Two days ago, my almost-85-year-old father died. It happened peacefully at home before breakfast on Monday morning. It was not unexpected — on the contrary, he’d been battling MRSA for several years, and undergoing thrice-weekly kidney dialysis for over two years.
He’d had a pretty full life: he served in the Army in Germany during WWII, got married, had 4 children, 14 grandchildren and 1 great-granddaughter (so far). He won photography awards year after year. Professionally, he was a geologist, with a side foray into archaeology in his later years. He was active in volunteer and professional organizations.
He had a wonderful, dry wit and he loved puns.
At the end, he lived with his wife of 58 years (my mother) and his grandson, who had moved in with them a couple of years ago to help with his care (my youngest son. I’m so proud of him!).
Those of us who loved him had watched him deteriorate physically, sometimes in giant plunges and sometimes in baby stumbles. It was scary and terribly sad to watch a man who loved to read, a talented photographer, unable to do either as macular degeneration took its toll. It was horrifying to see a man who’d been active and engaged in scientific pursuits letting his microscope and other instruments collect dust as he didn’t have the energy to continue his research and consulting work. As his physical capacity shrank, so did his conversation.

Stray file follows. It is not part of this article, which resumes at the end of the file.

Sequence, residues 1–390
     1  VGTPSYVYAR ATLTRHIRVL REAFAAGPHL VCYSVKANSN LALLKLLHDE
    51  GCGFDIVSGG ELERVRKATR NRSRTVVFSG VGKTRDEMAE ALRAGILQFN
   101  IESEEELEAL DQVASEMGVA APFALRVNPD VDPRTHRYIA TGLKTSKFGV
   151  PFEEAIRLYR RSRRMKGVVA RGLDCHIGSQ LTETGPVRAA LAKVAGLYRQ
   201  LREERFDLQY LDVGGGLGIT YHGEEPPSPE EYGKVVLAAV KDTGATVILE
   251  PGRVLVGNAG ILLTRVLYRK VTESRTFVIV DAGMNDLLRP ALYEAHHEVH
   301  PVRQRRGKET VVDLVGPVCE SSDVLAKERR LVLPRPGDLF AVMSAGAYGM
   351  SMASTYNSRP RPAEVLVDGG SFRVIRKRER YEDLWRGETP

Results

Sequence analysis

Now, even that is gone.
Regrets: The Road Not Taken
According to an article at AARP:
“Researchers have noticed age-related distinctions in how and why we experience regret. The young are more likely to regret things they did rather than things they didn’t do. After all, at that stage in life there’s still time to see Australia, climb K2, or write a novel. But as we age, this tendency reverses, and it’s what you didn’t do that stings. When you look back and see all the mountains left unclimbed, the sense of loss can be devastating.” Read the entire article
My father’s death has reminded me — viciously and viscerally — just how short life is. If you delay your plans, hopes and dreams too long, you may never experience their reality.
I can’t remember a time when I didn’t want to live in another country. I didn’t do it when I was young and unencumbered. I didn’t do it when I had a young family, or a growing family.
Now I’m rapidly approaching an empty nest, and I’ve been making plans to finally make the move. I don’t want that particular missed opportunity to remain on my stockpile of regrets.
My father’s passing has reminded me that I need to hurry.